Love is a funny thing, especially when it’s between two men who wield great power and influence. For lack of a better word to describe the man hugs and compliments exchanged by the presumptive masters of the universe, American journalists are increasingly adopting a humorous appellation for male friendships once reserved to skateboarders and surfers: the bromance.
“The Trump-Putin Bromance Is Getting Even Shadier,” New York magazine declared as US media picked up on the mutual admiration between Donald, the Republican presidential candidate, and Vladimir, the third-term Russian president. In recent months, mainstream news organizations such as The Washington Post, Bloomberg, and Newsweek have all used “bromance” in headlines to describe the unlikeliest twist in the troubled US-Russian relationship.
In mid-August, Paul Manafort, Trump’s campaign manager, resigned following revelations about his earlier work for Putin’s client in Ukraine, Viktor Yanukovych. Democratic candidate Hillary Clinton’s campaign responded with a statement saying that “you can get rid of Manafort, but that doesn’t end the odd bromance Trump has with Putin.”
It’s fair to say that bromance inflation is eating away at political speech in the United States. Like most pranks, the first time it was funny, the second time absurd, and all subsequent instances totally gratuitous. Now every time two male politicians show the slightest inclination for each other, their relationship is dubbed a bromance, whatever that actually means.
The Merriam-Webster dictionary added “bromance” to its 2011 edition, along with cougar (“a middle-aged woman seeking a romantic relationship with a younger man”), tweet (as in Twitter), and crowdsourcing. Merriam-Webster defines a bromance as “a close nonsexual friendship between men.”
Empowered with such a sweeping definition, headline writers in recent years have unearthed Putin’s budding bromances with Chinese President Xi Jinping, Israeli Prime Minister Benjamin Netanyahu, and Turkish President Recep Tayyip Erdogan.
The idea of a Putin-Erdogan lovefest is especially nonsensical considering that before their rapprochement this summer, they were slinging insults at each other over a Russian warplane downed by the Turkish air force. Their awkward meeting in St. Petersburg was reminiscent of the 1939 British cartoon showing Adolf Hitler and Joseph Stalin, then still allies, bowing politely to each on the battlefield. “The scum of the earth, I believe?” the Nazi dictator says as the Soviet tyrant replies: “The bloody assassin of the workers, I presume?” The title of the cartoon is “Rendezvous,” but it could have been “The Hitler-Stalin Bromance.”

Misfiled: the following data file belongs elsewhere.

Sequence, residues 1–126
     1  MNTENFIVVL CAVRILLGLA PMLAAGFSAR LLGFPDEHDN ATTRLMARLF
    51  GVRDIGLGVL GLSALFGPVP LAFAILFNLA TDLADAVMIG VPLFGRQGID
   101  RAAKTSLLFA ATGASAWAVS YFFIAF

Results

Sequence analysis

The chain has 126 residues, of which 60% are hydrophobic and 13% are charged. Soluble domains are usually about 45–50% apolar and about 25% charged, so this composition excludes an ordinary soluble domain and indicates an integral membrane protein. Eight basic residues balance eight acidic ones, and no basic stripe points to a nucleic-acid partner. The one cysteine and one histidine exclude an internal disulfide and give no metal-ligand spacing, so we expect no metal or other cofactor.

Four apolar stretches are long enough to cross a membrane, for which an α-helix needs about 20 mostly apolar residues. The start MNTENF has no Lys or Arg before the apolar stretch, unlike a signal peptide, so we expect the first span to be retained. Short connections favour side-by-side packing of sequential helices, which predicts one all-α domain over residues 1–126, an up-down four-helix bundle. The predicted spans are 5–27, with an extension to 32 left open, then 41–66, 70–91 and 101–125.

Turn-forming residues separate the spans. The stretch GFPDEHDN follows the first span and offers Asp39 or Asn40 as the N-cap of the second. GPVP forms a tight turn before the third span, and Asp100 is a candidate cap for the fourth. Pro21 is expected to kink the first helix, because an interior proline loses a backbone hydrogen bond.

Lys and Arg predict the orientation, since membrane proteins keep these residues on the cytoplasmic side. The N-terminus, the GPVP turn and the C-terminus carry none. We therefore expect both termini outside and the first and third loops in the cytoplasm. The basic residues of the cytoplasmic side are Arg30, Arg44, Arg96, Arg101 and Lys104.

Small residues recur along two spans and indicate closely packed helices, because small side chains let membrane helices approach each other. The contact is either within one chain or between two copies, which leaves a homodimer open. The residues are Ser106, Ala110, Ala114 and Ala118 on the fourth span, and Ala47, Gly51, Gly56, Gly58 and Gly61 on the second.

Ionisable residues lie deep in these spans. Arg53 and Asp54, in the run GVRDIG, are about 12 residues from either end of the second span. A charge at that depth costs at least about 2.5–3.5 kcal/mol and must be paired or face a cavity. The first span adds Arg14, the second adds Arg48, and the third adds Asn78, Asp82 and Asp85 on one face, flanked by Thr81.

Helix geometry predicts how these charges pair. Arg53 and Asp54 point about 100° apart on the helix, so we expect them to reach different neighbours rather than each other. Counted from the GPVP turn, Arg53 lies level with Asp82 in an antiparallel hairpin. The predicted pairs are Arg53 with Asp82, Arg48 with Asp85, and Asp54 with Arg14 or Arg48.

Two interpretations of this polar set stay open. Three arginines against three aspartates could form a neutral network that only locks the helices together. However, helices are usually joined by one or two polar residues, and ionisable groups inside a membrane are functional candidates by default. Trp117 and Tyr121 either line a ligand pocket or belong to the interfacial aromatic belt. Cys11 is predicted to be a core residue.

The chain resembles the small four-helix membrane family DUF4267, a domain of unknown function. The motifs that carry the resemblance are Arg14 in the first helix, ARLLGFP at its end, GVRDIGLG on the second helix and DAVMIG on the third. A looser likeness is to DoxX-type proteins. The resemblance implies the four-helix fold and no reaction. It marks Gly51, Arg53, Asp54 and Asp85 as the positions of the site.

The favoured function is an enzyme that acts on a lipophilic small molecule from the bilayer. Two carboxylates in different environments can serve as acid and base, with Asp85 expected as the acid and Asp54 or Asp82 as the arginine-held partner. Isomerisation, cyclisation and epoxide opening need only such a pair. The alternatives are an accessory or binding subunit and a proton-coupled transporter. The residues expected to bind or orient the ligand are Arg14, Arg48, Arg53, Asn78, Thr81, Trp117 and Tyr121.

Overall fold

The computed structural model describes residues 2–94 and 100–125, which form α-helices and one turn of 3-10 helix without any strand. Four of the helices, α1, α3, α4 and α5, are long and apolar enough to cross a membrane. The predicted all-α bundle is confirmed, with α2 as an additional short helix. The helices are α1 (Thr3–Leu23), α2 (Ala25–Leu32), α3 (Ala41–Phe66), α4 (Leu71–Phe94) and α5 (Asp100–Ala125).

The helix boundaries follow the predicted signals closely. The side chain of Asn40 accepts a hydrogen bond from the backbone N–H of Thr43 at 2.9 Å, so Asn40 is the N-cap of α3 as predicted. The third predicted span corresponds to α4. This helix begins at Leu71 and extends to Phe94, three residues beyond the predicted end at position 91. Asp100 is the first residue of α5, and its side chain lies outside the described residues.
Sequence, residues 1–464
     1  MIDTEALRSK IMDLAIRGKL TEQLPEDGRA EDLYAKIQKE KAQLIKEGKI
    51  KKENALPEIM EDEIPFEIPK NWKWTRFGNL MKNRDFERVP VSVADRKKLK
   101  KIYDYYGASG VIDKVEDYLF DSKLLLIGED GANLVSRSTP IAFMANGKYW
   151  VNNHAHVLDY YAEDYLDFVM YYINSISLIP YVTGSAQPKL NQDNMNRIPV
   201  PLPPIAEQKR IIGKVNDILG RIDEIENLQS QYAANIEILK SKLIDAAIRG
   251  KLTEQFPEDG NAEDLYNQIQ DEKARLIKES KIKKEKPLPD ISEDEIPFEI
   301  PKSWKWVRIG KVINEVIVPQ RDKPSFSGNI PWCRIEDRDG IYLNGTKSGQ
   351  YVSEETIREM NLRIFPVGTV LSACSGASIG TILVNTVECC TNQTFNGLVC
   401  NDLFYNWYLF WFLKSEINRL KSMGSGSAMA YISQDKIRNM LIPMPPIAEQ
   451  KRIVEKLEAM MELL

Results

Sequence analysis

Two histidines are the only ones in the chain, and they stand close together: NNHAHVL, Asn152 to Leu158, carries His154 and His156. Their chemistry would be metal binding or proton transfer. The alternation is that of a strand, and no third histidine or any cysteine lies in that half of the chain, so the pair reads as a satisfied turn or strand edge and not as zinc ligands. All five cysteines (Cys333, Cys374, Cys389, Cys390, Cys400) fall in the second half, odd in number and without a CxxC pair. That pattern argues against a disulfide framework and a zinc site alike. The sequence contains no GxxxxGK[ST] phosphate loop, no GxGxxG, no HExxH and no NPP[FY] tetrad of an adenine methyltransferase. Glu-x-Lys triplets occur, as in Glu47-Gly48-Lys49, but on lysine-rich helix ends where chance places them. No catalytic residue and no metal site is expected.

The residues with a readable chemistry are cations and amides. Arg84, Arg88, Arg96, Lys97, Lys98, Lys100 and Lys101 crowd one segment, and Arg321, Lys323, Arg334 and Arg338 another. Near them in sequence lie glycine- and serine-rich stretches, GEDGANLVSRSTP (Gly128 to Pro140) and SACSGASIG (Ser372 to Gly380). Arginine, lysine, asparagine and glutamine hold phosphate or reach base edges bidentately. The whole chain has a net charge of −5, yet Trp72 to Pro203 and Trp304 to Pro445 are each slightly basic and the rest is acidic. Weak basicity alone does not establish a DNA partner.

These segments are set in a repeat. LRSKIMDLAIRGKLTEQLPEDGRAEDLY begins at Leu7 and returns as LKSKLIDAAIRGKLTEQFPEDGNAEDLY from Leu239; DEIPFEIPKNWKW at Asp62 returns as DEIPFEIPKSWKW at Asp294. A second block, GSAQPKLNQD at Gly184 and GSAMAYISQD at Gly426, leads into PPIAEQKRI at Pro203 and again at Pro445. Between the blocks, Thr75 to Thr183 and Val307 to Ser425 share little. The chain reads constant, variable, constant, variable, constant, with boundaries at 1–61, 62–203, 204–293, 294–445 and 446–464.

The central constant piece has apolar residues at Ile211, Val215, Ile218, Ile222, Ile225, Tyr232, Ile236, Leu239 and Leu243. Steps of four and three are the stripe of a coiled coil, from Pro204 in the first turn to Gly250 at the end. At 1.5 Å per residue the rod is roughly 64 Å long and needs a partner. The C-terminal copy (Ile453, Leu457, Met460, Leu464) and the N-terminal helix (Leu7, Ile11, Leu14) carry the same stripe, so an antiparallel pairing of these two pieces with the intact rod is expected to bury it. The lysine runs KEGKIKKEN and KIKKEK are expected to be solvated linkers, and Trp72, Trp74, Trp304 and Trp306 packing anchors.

Of course today’s bromances aren’t observable only among strongmen and tough guys. After US President Barack Obama visited Canadian Prime Minister Justin Trudeau in Ottawa in June, the White House officially commented on their selfie with the words “true bromance.” It’s possible the term then made its debut in French via the Montreal newspaper Le Devoir.
According to Wired, Obama also has a bromance with his vice president, Joe Biden, and with rapper Jay Z, as revealed by MTV in 2012. In fact, that report “on the most high-profile bromance between a commander-in-chief and a hip-hop figure” may have been the moment when the word jumped from the lingo of pop culture to politics.
The Oxford English Dictionary, which followed Merriam-Webster in acknowledging bromance as worthy of definition, made an online appeal in early 2013 to fathom the expression’s origins. It turns out the earliest known publication of the word was in the April 2001 issue of TransWorld Surf magazine.
The word bro is much, much older. Originally a short form of “brother,” bro then passed into Black English before taking on the present meaning of “a conventional guy’s guy who spends a lot of time partying with other young men like himself,” according to the OxfordWords blog. Bromance is only one word in a growing subset of expressions based on bro, such as brogrammer (“loutish male computer programmer”) or brobiutary, a description of an ex-bro who abandoned the fold and got married.
A word as preposterous as bromance deserves no obituary. More women leaders may be the surest way of ensuring its quick and painless demise. When German Chancellor Angela Merkel met British Prime Minister Theresa May for the first time in July, they held good old-fashioned talks with no bros, no romance, and no nonsense.